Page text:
The reasons behind conflicts are rarely black and white, and it’s unlikely that just one person is to blame. But figuring out the cause is essential so you can determine how to address the problem positively and prevent it from happening again.
Common causes of conflict at work include:
Differences in personality – people come from different backgrounds or cultures and have their own beliefs and values. A lack of understanding or acceptance of these differences is an easy source of contention, and drives a wedge between people who may otherwise work very well together.
Differences in styles of working – when people expect others to work the same way as them and don’t respect the fact that everyone works differently, it creates frustration and hinders the completion of projects and tasks.
Miscommunication or misunderstandings – it’s easy for conflicts to become deep-seated when a misunderstanding remains unsolved for a prolonged period of time, and ongoing miscommunication muddles the progress of projects.
Availability of resources – employees might not feel confident asking for resources without being told that they can, making them frustrated at superiors. People who don’t need as much support as others may feel annoyed at people they think are ‘holding them back’.
Level of support – people struggle to complete their job role if they aren’t given technical support. Following highly stressful situations – such as a confrontation – they’ll feel worse if they aren’t able to receive emotional or moral support, and will feel like the workplace doesn’t care about their wellbeing. This creates animosity.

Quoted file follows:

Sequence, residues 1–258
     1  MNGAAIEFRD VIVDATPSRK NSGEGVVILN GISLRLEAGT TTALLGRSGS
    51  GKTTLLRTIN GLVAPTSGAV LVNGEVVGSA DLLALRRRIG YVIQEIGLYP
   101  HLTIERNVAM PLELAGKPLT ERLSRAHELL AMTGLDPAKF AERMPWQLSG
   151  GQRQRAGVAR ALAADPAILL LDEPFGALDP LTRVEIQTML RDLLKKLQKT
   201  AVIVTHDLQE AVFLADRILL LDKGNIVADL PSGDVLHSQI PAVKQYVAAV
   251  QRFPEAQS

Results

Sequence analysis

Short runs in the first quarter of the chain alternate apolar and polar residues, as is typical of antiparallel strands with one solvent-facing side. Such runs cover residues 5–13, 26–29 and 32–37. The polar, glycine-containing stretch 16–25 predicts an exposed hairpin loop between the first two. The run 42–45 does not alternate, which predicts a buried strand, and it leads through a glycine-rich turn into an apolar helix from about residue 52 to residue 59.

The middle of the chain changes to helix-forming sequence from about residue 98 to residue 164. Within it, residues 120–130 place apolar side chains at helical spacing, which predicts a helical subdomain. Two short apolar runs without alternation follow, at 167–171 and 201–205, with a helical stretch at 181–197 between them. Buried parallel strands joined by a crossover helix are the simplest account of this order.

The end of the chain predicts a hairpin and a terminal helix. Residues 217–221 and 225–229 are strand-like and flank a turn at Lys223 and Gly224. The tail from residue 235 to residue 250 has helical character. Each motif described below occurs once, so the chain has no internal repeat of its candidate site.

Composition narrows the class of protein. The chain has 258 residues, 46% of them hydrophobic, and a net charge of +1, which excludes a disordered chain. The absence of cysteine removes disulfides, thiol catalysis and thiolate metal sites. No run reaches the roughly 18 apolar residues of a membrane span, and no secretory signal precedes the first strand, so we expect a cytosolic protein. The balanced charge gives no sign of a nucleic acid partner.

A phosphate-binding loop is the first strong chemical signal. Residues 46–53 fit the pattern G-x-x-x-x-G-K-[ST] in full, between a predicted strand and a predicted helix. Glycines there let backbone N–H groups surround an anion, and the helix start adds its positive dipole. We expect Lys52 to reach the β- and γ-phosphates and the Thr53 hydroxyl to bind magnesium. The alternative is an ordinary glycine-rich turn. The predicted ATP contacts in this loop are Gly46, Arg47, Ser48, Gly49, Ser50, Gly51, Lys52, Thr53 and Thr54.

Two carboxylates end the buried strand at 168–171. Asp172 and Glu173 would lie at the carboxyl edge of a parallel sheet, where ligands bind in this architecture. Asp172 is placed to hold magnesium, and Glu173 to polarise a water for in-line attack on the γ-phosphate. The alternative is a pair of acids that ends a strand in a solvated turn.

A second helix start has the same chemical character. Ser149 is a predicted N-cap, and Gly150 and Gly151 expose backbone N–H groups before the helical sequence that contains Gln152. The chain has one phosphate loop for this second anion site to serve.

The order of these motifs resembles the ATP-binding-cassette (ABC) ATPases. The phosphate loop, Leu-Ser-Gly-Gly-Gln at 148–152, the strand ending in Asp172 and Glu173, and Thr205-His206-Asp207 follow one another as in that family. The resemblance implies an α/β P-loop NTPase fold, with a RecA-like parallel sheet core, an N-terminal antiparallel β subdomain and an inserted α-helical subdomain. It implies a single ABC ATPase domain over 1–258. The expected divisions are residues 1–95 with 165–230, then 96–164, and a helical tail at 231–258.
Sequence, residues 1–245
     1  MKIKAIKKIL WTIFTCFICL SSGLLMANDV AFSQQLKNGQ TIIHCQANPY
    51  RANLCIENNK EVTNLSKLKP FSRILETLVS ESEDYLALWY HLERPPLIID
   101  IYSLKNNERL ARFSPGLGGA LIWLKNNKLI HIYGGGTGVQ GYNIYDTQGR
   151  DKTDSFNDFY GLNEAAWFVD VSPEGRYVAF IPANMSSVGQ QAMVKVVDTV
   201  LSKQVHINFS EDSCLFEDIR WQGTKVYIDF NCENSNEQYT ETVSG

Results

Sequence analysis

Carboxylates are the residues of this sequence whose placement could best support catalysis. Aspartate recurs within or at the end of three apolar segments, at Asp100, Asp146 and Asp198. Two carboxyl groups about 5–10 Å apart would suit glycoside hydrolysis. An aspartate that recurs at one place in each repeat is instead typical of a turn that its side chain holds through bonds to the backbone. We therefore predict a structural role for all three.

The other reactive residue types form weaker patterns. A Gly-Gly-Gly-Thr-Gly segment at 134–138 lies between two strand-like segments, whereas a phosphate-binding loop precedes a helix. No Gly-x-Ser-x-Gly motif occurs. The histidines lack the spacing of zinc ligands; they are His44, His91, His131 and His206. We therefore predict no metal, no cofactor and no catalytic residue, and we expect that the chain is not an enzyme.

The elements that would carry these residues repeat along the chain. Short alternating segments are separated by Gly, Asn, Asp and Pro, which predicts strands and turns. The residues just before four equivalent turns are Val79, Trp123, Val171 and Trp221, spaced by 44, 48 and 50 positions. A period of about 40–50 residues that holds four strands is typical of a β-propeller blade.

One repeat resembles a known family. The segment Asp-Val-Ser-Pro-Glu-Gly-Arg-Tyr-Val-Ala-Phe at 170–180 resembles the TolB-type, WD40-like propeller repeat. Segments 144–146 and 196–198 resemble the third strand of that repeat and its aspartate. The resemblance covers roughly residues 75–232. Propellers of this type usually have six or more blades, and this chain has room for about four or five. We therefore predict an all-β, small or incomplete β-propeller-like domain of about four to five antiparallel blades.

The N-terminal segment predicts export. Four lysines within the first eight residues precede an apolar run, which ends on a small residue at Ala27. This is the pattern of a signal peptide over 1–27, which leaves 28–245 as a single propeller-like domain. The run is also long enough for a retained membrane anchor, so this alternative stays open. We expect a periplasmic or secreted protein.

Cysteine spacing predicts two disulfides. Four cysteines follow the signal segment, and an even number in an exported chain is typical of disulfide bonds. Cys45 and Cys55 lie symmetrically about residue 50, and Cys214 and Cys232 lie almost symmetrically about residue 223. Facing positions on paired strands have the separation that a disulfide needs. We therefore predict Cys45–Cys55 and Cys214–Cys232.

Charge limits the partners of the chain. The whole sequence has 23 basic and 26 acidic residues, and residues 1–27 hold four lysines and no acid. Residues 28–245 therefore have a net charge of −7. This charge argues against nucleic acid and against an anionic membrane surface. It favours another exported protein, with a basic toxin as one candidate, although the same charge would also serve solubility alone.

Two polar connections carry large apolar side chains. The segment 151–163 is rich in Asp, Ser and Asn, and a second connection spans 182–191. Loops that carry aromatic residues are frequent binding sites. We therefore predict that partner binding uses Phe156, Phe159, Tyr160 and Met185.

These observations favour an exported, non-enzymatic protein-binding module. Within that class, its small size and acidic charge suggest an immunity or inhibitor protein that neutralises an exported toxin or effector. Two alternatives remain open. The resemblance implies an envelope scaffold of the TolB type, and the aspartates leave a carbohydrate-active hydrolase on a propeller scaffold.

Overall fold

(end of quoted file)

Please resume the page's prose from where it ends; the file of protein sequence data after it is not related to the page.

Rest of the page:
Poor customer service – staff need to know how to deal with queries and complaints in a way that leaves customers feeling satisfied. Otherwise, people won’t return and could harm the business’ reputation through word-of-mouth.
Poorly-organised workplace – your workplace’s design makes a huge difference to people’s behaviour and comfort, but people are more likely to target frustration at a person than the space itself.
Poor management – you have a tremendous amount of influence on how contented and able a person feels in their role. Without a strong leader, people lack direction and goals and therefore motivation, which leads to dissatisfaction and bitterness towards management.
Discrimination, harassment, etc. – treating others unkindly due to their beliefs, disabilities, and other qualities is illegal and no workplace should tolerate it. It is debilitating for the person being subjected to the abuse, and can lead to serious ongoing conflicts that are difficult and expensive to resolve and reflect badly on your business.
Contract of employment – if people are left in the dark about their role or don’t feel like it’s valued or accommodated, they feel angry at management and potentially any colleagues who are well-accommodated.